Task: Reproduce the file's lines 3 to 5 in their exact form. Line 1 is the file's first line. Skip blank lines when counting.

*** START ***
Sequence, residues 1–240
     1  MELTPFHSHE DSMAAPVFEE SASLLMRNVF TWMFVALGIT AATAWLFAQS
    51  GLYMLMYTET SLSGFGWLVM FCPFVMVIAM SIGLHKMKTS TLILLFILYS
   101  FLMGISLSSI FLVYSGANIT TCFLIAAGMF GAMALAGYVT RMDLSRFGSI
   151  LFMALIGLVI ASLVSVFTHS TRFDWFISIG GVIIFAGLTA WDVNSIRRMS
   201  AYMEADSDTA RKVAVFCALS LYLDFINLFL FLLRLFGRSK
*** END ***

    51  GLYMLMYTET SLSGFGWLVM FCPFVMVIAM SIGLHKMKTS TLILLFILYS
   101  FLMGISLSSI FLVYSGANIT TCFLIAAGMF GAMALAGYVT RMDLSRFGSI
   151  LFMALIGLVI ASLVSVFTHS TRFDWFISIG GVIIFAGLTA WDVNSIRRMS